On 26 October 2017, SERI presented its recent research findings and lead discussions with paralegals and community advice officers from the 2017 Dullar Omar School for Paralegalism. Under the theme “empowering communities for sustainable democracy”, the programme sought to develop a medium to long term education and training strategy for Community Based Paralegals.
SERI presented under the transformative constitutionalism and socio-economic rights topic. The session was led by SERI community research and advocacy officer, Edward Molopi who facilitated a session on legal and practical issues relating to evictions and relocation to alternative accommodation. This was followed up by a session led by former SERI senior researcher, Tim Fish-Hodgson and current research fellow Nthabiseng Nkhatau who facilitated sessions on informal trader’s rights with a focus traders’ rights jurisprudence and lived realities and experiences of traders, respectively. The final session on spatial mismatch and how living on the peripheries of cities and economic hubs in metro areas impacts on people’s employment prospects, creating a poverty trap, was facilitated by SERI director of research and advocacy Alana Potter.
The session and the broader programme offered participants:
SERI is excited about the continued engagement with the Dullar Omar School and hopes to contribute to the paralegal training curriculum going forward.
On 24 October 2017, SERI's director of research and advocacy, Alana Potter, challenged a number of myths about foreign migrants' access to housing in South Africa as part of the South African Human Rights Commission (SAHRC)'s indaba on access to housing for foreign migrants living in Gauteng. The idaba comes in the wake of comments made by the Mayor of the CIty of Johannesburg, Herman Mashaba, about his plans to evict and deport undocumented foreign migrants as part of his urban regeneration strategy. Panellists at the indaba included government officials, academics, and civil society representatives from a wide array of organisations, including SERI, the Human Sciences Research Council (HSRC) and African Diaspora Forum.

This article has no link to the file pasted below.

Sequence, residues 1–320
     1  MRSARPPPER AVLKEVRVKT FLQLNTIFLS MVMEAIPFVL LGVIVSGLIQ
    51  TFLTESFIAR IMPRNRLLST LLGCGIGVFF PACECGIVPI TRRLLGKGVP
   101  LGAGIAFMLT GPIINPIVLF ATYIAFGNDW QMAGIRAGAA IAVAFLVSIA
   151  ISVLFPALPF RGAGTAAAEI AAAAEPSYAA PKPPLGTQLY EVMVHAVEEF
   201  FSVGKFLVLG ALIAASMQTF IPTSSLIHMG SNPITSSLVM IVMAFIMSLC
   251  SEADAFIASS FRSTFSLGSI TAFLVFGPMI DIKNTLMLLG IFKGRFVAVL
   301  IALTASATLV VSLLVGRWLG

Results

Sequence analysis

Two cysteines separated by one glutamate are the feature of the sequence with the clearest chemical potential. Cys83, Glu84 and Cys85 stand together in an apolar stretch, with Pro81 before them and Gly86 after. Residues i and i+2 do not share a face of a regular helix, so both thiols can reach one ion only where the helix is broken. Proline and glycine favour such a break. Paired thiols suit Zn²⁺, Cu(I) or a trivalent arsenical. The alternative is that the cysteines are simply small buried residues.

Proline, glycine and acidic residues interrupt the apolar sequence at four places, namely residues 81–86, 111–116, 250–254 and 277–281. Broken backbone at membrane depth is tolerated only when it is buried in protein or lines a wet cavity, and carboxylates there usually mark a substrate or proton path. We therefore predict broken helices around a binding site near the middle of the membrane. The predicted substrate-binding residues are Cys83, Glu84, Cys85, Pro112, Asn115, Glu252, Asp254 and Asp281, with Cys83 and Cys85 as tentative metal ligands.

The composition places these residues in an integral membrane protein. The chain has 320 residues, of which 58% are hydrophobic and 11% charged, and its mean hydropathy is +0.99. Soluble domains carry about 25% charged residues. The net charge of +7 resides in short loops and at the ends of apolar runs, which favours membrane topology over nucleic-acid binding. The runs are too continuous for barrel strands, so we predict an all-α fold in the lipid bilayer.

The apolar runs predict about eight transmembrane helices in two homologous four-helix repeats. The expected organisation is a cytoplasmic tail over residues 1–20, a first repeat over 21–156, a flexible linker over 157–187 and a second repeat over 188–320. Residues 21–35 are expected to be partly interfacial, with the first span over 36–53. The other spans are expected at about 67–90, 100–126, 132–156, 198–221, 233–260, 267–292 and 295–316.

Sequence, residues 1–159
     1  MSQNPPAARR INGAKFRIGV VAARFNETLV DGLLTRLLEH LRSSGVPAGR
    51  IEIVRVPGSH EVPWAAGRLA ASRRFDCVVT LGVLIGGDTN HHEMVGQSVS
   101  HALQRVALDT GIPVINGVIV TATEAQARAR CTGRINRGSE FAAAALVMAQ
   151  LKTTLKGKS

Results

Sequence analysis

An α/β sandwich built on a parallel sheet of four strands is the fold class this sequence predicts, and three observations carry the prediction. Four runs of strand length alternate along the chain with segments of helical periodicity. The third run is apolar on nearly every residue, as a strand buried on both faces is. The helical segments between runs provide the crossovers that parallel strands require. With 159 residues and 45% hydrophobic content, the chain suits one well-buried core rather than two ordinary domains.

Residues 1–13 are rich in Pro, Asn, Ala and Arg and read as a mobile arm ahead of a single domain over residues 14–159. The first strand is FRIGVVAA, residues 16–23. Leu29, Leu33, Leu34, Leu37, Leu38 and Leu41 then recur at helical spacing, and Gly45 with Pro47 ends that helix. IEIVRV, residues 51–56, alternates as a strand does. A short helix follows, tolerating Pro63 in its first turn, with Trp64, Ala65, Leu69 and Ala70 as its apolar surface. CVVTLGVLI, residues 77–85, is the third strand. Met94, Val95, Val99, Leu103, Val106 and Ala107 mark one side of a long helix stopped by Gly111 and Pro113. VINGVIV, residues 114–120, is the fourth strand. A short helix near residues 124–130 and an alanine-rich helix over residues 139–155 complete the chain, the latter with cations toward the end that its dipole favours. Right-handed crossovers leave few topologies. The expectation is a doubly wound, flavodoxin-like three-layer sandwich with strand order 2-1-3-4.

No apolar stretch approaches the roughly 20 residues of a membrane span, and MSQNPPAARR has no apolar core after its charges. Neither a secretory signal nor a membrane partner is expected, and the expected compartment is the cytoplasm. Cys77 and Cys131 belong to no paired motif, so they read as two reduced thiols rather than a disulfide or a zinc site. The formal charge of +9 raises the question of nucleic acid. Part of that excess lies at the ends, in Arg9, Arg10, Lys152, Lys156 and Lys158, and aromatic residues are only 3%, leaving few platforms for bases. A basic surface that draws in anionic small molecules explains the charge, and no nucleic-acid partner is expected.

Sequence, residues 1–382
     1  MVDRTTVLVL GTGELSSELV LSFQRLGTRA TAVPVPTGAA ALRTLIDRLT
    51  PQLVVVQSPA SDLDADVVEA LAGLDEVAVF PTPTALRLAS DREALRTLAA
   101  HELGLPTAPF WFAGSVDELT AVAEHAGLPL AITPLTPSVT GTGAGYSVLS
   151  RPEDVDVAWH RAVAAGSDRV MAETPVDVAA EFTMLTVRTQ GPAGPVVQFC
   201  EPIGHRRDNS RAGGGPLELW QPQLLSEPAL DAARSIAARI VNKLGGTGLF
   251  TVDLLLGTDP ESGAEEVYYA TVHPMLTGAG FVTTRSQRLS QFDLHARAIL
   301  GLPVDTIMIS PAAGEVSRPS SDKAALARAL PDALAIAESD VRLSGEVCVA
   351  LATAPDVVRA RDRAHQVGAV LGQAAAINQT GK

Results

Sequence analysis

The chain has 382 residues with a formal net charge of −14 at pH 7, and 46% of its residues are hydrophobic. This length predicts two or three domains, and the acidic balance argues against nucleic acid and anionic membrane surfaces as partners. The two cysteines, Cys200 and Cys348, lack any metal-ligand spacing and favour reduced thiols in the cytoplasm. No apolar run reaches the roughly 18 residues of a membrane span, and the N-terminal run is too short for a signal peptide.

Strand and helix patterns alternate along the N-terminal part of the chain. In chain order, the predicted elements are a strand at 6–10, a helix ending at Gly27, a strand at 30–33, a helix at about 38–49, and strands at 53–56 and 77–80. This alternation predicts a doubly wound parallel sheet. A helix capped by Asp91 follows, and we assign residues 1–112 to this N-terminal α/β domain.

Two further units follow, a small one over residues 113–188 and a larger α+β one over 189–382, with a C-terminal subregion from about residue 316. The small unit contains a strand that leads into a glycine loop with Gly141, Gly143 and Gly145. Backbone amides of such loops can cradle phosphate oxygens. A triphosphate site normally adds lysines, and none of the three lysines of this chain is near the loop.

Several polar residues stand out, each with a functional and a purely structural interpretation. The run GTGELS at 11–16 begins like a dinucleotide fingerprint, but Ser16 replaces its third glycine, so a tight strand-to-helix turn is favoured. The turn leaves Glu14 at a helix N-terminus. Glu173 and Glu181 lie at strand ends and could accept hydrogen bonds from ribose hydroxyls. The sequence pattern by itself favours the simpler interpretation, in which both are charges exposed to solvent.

Potter's presentation focused on addressing some of the prevailing myths about foreign migrants and their access to housing. During her presentation, Potter stated:
"The [City of Johannesburg's] logic - or illogic - is that by evicting or deporting poor and undocumented people the city will become attractive to private investment for affordable housing ... Evicting, arresting and deporting foreign nationals is making no inroads towards addressing the structural and systemic issues that drive the inner-city accommodation crisis."
For more on Potter's presentation at the indaba, see the following media coverage:
The Socio-Economic Rights Institute of South Africa (SERI) is launching two new publications: A Double Harm: Police Misuse of Force and Barriers to Necessary Health Care Services (a report documenting the disporpotionate and illegal use of force by the police during student protests) and Student Protests: A Legal and Practical Guide (a user-friendly guide to the law governing protests, interdicts and the use of force by the police and private security).